The current facility may have already called in APS to have them filed for her to become a emergency ward of the state. If so, there has been a temporary guardian named by the judge. It’s a probate court record. You should be able to access PC, as it’s open records for items filed and orders signed off on. I’d suggest you go online to courthouse to ferret through PC filings to see if her name is attached to anything. You should be able to pay for an online download of each item of the docket file for a relatively small amount. The psych & health records will be redacted but I’d bet the hospital discharge report will be filed in full. If there’s law enforcement report that case # will be in her docket. The PC research is gonna get done, either you try it on your own and get the downloads or your atty will charge you to have their paralegal run the search via the attorneys access portal to the courthouse.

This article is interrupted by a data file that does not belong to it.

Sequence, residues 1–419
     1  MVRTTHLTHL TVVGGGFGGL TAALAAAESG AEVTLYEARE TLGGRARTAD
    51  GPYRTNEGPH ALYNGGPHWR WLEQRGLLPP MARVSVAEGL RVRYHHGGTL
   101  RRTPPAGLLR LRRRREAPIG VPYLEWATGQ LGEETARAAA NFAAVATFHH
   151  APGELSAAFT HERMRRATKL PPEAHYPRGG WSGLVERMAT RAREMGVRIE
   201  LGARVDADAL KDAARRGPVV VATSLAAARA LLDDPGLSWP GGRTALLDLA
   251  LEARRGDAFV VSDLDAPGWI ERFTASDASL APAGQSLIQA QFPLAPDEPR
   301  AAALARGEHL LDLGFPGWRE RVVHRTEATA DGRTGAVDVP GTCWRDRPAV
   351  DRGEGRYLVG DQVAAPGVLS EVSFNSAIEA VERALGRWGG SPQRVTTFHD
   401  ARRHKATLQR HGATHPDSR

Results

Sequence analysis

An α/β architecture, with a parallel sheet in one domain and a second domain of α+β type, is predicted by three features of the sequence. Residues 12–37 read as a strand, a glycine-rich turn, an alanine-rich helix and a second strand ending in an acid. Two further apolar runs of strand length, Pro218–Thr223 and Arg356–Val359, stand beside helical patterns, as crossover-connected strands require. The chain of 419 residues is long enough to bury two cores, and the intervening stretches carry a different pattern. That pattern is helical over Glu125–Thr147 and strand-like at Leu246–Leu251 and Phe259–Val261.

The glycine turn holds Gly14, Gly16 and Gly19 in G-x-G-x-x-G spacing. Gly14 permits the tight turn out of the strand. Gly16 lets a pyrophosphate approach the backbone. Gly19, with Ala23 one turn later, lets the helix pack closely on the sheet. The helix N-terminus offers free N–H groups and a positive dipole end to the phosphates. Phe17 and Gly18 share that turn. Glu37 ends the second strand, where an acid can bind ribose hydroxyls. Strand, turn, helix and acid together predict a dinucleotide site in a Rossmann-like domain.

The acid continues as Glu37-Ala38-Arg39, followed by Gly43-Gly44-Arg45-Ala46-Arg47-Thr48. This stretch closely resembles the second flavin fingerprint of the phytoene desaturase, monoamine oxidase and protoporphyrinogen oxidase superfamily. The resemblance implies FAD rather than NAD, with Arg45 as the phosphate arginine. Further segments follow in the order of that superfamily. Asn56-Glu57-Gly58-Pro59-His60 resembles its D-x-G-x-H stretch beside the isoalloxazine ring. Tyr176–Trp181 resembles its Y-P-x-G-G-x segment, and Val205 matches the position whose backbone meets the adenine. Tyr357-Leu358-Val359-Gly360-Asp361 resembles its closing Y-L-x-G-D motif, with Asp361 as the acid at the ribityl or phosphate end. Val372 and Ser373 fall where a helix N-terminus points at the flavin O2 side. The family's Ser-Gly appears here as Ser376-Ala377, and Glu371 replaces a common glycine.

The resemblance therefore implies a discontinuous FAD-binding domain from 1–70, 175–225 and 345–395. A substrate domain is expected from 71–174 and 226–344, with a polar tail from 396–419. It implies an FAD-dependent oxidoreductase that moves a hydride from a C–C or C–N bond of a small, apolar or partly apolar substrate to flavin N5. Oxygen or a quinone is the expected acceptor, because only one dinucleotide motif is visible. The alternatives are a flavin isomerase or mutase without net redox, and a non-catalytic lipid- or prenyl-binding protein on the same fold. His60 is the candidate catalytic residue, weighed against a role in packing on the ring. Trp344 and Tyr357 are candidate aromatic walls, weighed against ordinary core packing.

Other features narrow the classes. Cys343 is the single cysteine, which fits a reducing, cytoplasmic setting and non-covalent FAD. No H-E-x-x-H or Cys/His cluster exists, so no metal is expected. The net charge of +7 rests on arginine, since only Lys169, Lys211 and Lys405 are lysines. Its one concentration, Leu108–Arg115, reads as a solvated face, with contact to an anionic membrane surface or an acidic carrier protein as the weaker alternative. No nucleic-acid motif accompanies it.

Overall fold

the hospital discharge report will be pretty important. At a minimum, I’d try to get this in some way either from hospital or a copy from her chart at the NH. Discharge report sometimes can be a Grey area for needing a HIPPA on file as it’s not specific details as to daily entries in her medical chart but more Name, ICD-10 codes, date of discharge and where discharged to. Like 1 short page, that she or someone signed off on receiving. If you can get it, look up the various ICD-10 codes. There could be some scary mental health issues you were unaware of...
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Reply to igloo572
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Okay. Can I just check I've got the timeline straight?

Aunt lives at home with support from CNA.
Falls, is hospitalised - why the psych department?
When did this happen?
You agree to leave discharge to the hospital (normally good idea), they place her in a facility.